London's life sciences sector gets a boost
Credit: ANGELA MCINNES
London North Centre MP Peter Fragiskatos (right), listens to a pitch from Tim Lasswell (left), of A-Line Orthopaedics. The med-tech start-up was one of the life sciences companies showcased by TechAlliance at Museum London on Nov. 15, as part of their BURST program.
London North Centre MP Peter Fragiskatos attended a showcase at Museum London on Nov. 15, hosted by TechAlliance of Southwestern Ontario, to announce that FedDev Ontario is providing funding for the continuation of TechAlliance’s BURST program.
“For most of our history in London, we have based our economic growth on a very traditional approach to manufacturing. We are pivoting away from that and we must because society is evolving. As technology evolves, so too does the economy,” Fragiskatos said in his speech. “We also need to diversify. This is where life sciences comes in. This is where medical devices come in.”
TechAlliance is a regional innovation centre in London and area that helps tech-based businesses grow. In 2017, it assembled its first cohort of 10 companies for its BURST program.
According to a Nov. 15 FedDev Ontario news release, the BURST program focuses specifically on supporting start-ups and scale-ups based in London’s life sciences sector to commercialize new technologies and become investor ready. TechAlliance provides participating companies with funding and resources for professional development.
So far, the BURST program has helped 30 companies over the span of three cohorts, created 54 jobs, and seen the commercialization of nine new life sciences products.
Western graduate Daniel Gelman was part of TechAlliance’s showcase, which featured some of its BURST companies. Gelman is the co-founder of Aufero Medical Technologies, which has developed a device to treat cardiac arrhythmia.
“Before BURST I was just a student with a fairly good idea of prototypes and data and some traction, but I had no medium to really facilitate to the next step. BURST had everything. They give you the initial capital funding you need to actually make a market presence, but also give you a mentor, give you space, give you other resources that have been invaluable[…], everything that an early-based medical device company would need to know,” Gelman said.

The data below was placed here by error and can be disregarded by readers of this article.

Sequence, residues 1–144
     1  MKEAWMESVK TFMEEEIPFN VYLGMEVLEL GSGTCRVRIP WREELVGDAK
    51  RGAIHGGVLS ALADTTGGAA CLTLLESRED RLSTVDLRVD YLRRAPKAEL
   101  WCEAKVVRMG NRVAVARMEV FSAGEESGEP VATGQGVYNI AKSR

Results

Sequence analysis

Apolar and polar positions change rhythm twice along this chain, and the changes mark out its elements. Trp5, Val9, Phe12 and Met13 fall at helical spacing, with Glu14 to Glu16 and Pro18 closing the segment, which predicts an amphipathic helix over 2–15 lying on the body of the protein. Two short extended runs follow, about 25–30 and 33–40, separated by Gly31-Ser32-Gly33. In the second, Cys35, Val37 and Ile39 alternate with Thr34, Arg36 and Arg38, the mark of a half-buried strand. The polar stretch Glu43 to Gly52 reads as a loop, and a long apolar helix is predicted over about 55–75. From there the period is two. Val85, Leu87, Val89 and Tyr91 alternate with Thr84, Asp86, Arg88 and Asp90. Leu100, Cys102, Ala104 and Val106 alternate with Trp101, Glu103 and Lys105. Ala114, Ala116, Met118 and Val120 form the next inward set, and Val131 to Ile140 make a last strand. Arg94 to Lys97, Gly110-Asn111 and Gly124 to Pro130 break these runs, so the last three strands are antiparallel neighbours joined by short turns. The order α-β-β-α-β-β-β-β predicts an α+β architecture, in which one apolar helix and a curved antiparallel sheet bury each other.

This is the second time the program has received funding from FedDev Ontario, a federal institution that is part of the government’s Innovation, Science and Economic Development portfolio. It has previously given BURST $1.32 million.
TechAlliance’s manager of communications, Greg Picken, told Interrobang that London’s growing life sciences sector includes, but is not limited to, innovations in health care, lifestyle, medicine, drug discovery, and therapeutics.
“In the broader scope, the more we can create a life science economy in London and boost that, it’s going to create long term opportunities,” Picken said. “When we talk about life science it can be anything from frontline healthcare workers, researchers, marketing and PR. There’s going to be tons of opportunities.”
When speaking to Interrobang, Fragiskatos agreed, saying that the government’s support of BURST will ultimately help London’s post-secondary students in the long run.
“Young people have ideas and they are ready to go out into the economy and thrive. But if they’re looking to start a business, quite often they will need that mentoring support, that seed money support, and various other supports that are necessary for them to take an idea and turn it into a reality in a business sense. And that’s what Burst is all about,” said Fragiskatos.
“For me, what’s exciting especially is that we’re focusing on the life-sciences centre. This is ultimately a story about people. When you invest in life sciences, when you generate the sort of support that entrepreneurs in that sector need, ultimately everyday people will benefit.”